Logistics Chiefs Warn Over Brexit Threat to N. Ireland Trade
(Bloomberg) -- Logistics chiefs warned trade between Great Britain and Northern Ireland is at risk of disruption at the end of the year because key IT systems aren’t ready.
The U.K.’s Customs Declaration System still needs alterations to make it fully operational by Jan. 1, and the government hasn’t yet laid out contingency plans in case it isn’t ready, Steve Bartlett, Chairman of the Association of Freight Software Suppliers, told a parliamentary panel on Wednesday.
“There are high levels of concern about Northern Ireland-Great Britain trade because of issues with systems, infrastructure and information delivery,” Elizabeth de Jong, Director of Policy at Logistics U.K., told the committee.
As an example of how complicated it could become, she cited the example of a parcels truck in which each of 5,000 consignments will require a safety and security declaration with 36 fields to complete.
She warned of the risk of an “overwhelming number” of customs formalities which “could deter trade to Northern Ireland” -- something that would not be in line with the government and EU’s pledges for Brexit “to impact as little as possible on everyday life of communities.”
With the U.K. and European Union still locked in discussions about a trade deal to take effect when the transition period ends, British exporters -- and traders in mainland Great Britain who sell products into Northern Ireland -- are still in the dark about the full level of extra bureaucracy from Jan. 1.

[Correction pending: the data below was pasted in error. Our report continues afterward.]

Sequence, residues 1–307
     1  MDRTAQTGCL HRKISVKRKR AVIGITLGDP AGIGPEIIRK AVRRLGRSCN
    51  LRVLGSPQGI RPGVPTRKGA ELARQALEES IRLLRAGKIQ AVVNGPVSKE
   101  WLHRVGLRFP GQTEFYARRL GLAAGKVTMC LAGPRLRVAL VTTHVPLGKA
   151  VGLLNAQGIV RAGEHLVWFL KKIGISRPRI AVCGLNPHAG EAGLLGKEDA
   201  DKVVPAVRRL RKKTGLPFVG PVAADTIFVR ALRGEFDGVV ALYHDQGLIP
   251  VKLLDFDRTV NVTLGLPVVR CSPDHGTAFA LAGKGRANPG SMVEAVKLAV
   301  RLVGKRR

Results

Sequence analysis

Tate & Lyle Plc and Associated British Foods Plc are among food companies that have warned the uncertainty over the terms of trade with Northern Ireland could lead to supply shortages there, according to ITV News.
The government has sought to alleviate issues around trade into Northern Ireland with controversial legislation that it concedes will break international law by allowing ministers to to ignore procedures that Prime Minister Boris Johnson signed up to as part of the Withdrawal Agreement with the EU.
The provisions in the Internal Market Bill, which the government maintains will only be needed in the event no trade deal is reached, would waive customs paperwork on trade crossing between Northern Ireland and Britain and allow the government to unilaterally define which goods entering Northern Ireland would be liable for tariffs in the event no trade deal is signed with the EU.
While the House of Lords stripped out those clauses from the legislation on Monday, Johnson immediately vowed to push ahead and reinstate them when the bill returns to the House of Commons.
Absent any certainty, De Jong said traders need “mitigations, simplifications, trusted trader schemes for certain movements” in order to make the end of transition “manageable and for trade to keep flowing.”
For his part, Bartlett warned IT systems still need extra functionality to make them “workable” after the transition period ends.
While the government has promised updates by early December, “that gives us little or no time to test these interfaces and test that the system works, and even less time to actually deploy this and roll it out to our customers” he said. “We are very worried because it is very much an unproven system.”
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